Importantly, this practice has nothing to do with the end of traffic to end users. It appears that Analysis Mason, the Internet Society, and others confuse network usage (which describes the relationship between broadband providers and content/application providers) with termination arrangements for “sending party network payments” (SPNP). In South Korea, SPNP is a historical arrangement that only applies between Tier 1 telecommunications operators if their traffic exchange rate does not exceed 1:1.8.
While cost recovery is encouraged in South Korea, it is not mandatory, and so the big US players play the rule. For example, Netflix rejected claims for cost recovery and brought a broadband provider to court, saying it had no obligation to pay for the broadband network upgrade needed to manage Netflix content, which increased nearly 26-fold. Netflix lost, and the case is on appeal.
Facebook has also asked South Korean broadband providers to install Facebook servers on their networks for free. Broadband providers ignored; After all, servers have a cost and cannot be reused for other content, and are therefore inefficient and redundant if kept free. To reinforce the issue, Facebook shut down some of these servers and rerouted traffic to other countries and operators. This degraded the end-user experience, and Korea’s telecom regulator fined Facebook for what it considered willful harm. Facebook took the case to court and won, but the abuse drew the attention of the Korean assembly.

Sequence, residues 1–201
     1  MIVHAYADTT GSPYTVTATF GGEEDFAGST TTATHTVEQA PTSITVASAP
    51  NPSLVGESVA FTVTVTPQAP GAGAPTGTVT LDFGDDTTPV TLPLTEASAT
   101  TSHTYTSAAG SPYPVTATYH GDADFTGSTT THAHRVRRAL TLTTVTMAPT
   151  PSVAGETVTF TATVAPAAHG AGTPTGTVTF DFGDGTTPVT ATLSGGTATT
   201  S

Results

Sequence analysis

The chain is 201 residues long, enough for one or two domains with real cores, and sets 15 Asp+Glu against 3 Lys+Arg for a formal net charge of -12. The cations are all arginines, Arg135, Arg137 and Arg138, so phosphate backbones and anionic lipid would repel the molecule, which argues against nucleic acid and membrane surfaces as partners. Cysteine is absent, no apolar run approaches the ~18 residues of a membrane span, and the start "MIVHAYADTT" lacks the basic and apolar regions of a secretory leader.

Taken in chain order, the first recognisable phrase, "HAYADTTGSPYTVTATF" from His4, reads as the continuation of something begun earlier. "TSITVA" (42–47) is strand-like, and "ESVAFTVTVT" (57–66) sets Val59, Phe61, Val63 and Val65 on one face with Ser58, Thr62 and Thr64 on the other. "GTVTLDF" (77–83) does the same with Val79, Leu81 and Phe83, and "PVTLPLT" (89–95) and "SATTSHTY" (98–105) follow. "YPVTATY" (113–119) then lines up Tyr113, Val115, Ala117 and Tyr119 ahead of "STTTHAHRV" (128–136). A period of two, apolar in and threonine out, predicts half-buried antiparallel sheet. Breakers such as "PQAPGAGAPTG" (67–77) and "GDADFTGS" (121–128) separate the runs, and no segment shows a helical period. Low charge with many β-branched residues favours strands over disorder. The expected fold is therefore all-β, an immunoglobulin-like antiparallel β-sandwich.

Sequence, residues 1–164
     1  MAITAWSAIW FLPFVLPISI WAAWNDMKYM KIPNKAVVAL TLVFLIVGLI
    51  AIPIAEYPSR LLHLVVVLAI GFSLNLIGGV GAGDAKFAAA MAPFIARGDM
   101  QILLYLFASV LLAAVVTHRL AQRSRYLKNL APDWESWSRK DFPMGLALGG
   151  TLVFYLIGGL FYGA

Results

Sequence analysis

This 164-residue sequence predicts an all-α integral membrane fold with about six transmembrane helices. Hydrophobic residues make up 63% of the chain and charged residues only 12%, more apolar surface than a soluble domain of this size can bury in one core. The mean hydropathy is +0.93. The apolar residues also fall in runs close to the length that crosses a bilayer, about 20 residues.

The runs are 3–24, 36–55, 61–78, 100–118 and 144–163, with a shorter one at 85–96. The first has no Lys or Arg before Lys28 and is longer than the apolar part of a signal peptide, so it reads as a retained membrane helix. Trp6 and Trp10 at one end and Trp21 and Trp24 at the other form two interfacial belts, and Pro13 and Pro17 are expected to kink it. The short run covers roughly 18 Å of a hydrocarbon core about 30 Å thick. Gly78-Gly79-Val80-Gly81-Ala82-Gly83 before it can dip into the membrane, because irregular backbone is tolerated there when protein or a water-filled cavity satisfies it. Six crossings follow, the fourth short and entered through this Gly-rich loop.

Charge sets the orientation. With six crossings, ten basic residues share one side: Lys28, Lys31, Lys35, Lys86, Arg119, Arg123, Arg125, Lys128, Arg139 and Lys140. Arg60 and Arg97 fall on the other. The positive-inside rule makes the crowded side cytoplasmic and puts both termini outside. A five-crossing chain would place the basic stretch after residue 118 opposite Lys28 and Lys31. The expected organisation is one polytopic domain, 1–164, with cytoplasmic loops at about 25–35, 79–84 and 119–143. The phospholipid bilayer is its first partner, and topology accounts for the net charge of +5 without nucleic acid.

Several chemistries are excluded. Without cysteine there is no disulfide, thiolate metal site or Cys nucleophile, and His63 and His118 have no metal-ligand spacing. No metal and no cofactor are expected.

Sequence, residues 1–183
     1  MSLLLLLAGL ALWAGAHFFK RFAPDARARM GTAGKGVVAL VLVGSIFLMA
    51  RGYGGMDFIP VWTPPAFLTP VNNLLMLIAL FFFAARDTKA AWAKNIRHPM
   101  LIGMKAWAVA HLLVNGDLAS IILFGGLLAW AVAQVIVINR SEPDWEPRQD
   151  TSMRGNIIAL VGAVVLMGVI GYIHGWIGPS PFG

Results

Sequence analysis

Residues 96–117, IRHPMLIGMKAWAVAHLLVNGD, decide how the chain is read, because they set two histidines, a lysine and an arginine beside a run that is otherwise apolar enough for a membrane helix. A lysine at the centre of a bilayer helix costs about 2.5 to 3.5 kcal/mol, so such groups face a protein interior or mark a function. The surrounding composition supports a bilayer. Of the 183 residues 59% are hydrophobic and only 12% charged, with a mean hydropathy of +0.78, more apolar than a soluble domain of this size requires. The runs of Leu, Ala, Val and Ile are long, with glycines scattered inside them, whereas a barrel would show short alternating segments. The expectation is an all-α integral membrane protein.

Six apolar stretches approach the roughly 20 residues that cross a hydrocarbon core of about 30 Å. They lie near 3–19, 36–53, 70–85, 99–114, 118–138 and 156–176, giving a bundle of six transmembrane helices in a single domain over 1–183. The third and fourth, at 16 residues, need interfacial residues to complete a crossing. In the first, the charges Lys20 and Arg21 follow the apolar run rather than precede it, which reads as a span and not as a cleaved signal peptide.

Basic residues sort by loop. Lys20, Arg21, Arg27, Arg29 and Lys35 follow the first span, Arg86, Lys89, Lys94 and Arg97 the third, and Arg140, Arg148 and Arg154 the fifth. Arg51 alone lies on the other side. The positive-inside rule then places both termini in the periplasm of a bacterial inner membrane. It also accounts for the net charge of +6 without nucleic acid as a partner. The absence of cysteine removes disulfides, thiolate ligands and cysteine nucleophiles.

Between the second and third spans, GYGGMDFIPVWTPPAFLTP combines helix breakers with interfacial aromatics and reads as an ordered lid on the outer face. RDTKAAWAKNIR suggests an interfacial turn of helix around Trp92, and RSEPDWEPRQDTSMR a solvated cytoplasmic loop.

Going forward, the Assembly considers updating the Telecommunications Business Act to determine that companies are engaging in good faith negotiations with requirements for data and pricing transparency. The bill does not mandate any fees.
Datasets required for validation
Policymakers have little data about international data markets. While useful information on international data traffic from Cisco and Sandvin is available on an aggregate, global scale, it tells us little about the behavior of actors within the traffic exchange and the microeconomics of individual networks.
Initial efforts are underway to provide more data, notably from Strand Consult which collects data on streaming video data on rural broadband networks and documents the pros and cons of different methodological approaches. Importantly, Congress has considered addressing this by funding Affordable Internet with the Reliable Contributions Act, or FAIR Contributions Act. which enables the FCC to conduct the necessary studies.
In any event, there is no data that shows harm from South Korea’s broadband policy. In contrast, the country is celebrated for having the highest rates of fiber in the home (86 percent) and 5G (47 percent adoption). The country is considered a first mover in network innovation and a global force in content development for local consumption and export. Moreover, Google and Netflix have enjoyed a year of record profits in the country. It seems that broadband reasonable cost recovery goes hand in hand with a thriving ecosystem.